Climate Variability Across Scales (CVAS): Understanding and modeling space-time Holocene climate variability

PAGES CVAS Working Group 2nd Workshop
25-27 October 2017
Potsdam, Germany

Climate Variability Across Scales (CVAS): Understanding and modeling space-time Holocene climate variability

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Climate Variability Across Scales (CVAS): Understanding and modeling space-time Holocene climate variability

Topics and Goals

Understanding natural climate variability is a necessary prerequisite for predicting the range of plausible future climates. The Holocene is a reasonable reference period with conditions similar to the present, a large amount of existing paleo-observations and relatively well-constrained boundary conditions and climate forcings.

The first CVAS workshop identified an existing knowledge gap regarding the scaling regimes of climate variability during the Holocene and the associated differences between tropics, extratropics and polar regions, as well as between land and ocean. Addressing these aspects will allow us to characterize Holocene climate variability in both space and time and the issue of Holocene climate (in)stability. This will improve our understanding of key processes and climate mechanisms and allow for a better understanding of their role in the Anthropocene.

This second CVAS workshop will focus on the aforementioned questions by bringing together experts working on Holocene climate variability from three different perspectives: data acquisition and interpretation, time series analysis methodology, and theoretical climatology and climate modeling. It will comprise plenary talks introducing the state of the art of different fields, extended meetings of the three subgroups of experts and panel discussions bringing about insights and ideas from the individual subgroups to the other participants.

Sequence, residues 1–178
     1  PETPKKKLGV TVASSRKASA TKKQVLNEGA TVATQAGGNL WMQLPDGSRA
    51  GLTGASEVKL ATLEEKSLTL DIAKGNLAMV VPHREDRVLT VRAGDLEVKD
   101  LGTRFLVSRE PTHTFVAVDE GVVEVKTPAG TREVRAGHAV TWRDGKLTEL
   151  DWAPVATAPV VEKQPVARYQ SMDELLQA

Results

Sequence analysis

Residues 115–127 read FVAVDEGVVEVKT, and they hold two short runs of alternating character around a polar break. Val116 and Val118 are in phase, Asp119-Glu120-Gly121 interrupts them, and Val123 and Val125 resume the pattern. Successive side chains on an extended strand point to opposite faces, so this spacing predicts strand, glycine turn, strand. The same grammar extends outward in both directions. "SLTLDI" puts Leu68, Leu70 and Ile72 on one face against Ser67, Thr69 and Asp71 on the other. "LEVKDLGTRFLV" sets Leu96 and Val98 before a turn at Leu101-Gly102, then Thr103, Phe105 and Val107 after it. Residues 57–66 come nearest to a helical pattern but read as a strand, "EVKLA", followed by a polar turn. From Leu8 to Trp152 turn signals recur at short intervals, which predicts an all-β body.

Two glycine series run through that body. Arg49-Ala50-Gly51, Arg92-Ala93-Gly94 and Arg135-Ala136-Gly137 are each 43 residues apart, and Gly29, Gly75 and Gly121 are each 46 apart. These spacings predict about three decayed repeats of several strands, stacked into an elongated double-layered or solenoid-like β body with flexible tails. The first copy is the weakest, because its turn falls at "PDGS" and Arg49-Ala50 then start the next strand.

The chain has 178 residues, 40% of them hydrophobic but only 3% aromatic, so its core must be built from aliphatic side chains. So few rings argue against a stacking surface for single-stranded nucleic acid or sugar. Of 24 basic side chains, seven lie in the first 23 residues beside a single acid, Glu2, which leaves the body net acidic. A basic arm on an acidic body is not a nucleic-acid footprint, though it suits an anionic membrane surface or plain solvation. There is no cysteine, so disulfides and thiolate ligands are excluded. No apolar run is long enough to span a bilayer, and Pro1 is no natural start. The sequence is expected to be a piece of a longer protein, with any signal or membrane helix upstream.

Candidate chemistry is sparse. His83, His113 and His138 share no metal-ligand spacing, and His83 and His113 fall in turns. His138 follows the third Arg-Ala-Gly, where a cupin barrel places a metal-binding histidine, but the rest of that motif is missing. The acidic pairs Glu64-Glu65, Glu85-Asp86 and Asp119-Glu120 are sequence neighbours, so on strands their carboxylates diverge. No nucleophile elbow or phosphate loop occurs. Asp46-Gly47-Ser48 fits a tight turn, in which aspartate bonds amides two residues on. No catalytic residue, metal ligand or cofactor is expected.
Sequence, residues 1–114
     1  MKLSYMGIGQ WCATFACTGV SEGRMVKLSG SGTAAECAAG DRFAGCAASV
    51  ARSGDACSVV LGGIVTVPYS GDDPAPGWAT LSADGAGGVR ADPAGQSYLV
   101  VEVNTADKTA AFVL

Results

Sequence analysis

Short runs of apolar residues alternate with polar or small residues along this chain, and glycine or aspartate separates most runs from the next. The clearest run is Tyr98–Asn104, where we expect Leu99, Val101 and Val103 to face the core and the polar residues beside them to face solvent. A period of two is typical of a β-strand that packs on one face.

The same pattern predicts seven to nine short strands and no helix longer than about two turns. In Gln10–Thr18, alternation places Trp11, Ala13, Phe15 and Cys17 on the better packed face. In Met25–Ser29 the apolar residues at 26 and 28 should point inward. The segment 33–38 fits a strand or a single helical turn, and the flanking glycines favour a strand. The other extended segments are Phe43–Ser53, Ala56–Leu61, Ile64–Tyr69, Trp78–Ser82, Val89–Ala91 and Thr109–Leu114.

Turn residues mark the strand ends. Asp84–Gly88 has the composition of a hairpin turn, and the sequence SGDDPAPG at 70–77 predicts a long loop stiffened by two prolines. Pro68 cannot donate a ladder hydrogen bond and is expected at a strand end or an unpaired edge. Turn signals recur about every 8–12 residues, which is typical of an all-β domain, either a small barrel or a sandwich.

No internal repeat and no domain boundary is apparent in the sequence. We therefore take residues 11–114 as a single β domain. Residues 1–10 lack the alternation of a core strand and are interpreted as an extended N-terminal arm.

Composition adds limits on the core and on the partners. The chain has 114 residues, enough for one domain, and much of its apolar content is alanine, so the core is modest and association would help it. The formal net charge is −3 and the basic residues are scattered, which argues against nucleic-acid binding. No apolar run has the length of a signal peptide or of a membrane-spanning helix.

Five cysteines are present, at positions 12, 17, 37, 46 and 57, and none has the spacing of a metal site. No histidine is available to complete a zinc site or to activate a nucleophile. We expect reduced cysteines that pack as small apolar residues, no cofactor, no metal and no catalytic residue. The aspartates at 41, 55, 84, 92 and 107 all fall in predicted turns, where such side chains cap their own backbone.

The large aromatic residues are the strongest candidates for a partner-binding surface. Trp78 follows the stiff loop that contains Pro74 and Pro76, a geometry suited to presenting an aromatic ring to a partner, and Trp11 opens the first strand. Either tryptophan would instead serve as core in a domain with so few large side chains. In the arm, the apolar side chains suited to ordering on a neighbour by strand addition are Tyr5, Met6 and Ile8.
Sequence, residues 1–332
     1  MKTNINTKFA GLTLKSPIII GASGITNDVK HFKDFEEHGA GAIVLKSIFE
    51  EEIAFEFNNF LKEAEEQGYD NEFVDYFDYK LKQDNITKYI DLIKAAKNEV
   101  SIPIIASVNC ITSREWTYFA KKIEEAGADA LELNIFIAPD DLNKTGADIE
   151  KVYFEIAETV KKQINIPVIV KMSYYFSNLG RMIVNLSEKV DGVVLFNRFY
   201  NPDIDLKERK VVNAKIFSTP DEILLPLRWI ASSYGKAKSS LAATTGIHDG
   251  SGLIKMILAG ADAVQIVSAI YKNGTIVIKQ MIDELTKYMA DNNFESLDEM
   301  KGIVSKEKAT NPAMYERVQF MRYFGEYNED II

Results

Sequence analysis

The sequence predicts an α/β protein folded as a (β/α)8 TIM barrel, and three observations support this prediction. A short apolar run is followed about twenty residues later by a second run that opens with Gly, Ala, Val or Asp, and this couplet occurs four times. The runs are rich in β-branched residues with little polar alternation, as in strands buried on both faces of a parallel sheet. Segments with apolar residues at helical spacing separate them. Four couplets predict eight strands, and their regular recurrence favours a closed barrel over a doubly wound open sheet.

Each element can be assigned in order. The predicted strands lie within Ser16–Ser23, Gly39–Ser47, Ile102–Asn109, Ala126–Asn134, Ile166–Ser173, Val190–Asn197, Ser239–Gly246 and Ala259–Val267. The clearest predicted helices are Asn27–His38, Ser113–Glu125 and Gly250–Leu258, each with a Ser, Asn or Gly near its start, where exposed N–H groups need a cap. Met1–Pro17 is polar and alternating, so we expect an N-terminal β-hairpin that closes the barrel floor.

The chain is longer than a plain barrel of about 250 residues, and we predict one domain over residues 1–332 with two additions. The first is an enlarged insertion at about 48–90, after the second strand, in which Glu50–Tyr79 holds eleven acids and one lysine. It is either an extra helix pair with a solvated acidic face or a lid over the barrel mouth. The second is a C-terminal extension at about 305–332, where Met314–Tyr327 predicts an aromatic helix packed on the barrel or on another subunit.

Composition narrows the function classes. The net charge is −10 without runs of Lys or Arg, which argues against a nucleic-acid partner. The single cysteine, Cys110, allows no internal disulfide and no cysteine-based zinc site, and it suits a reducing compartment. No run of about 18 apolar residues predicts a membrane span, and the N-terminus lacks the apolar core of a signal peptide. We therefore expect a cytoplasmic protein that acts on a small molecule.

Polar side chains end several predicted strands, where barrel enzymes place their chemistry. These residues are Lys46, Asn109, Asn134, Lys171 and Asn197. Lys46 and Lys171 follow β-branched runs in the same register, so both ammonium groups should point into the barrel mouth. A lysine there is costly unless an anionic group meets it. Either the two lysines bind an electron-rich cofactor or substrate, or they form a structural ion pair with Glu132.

To foster a first comprehensive synthesis of Holocene climate variability, the workshop will provide products generated in three subgroups:

1. Selecting the best archives to quantify climate variability and understanding their caveats: Data
2. From paleo-observations to robust and reproducible variability estimates: Analysis tools
3. Origins and interpretation of the space-time structure of Holocene variability: Models and Theory.

The invited scientists will prepare specific tasks before the meeting to allow hands-on work and exercises during the workshop. Some of these tasks have already been initiated at the first workshop, e.g. the development of a software toolbox. It is anticipated that each group will provide an inventory of existing data sets, methods and software solutions, as well as mechanisms as zeroth-order drafts for review papers summarizing the essential state of the art of research on Holocene climate variability across scales.


This is an open workshop, limited to 30-40 participants.


Thomas Laepple (Alfred Wegener Institute, Helmholtz Centre for Polar and Marine Research, Research Unit Potsdam)
Reik V. Donner (Potsdam Institute for Climate Impact Research, Germany)
Gabriele Pilz (Potsdam Institute for Climate Impact Research, Germany - logistics)
Chiranjit Mitra (Potsdam Institute for Climate Impact Research, Germany - webmaster)

© Lindenhan / PIK (All rights reserved).

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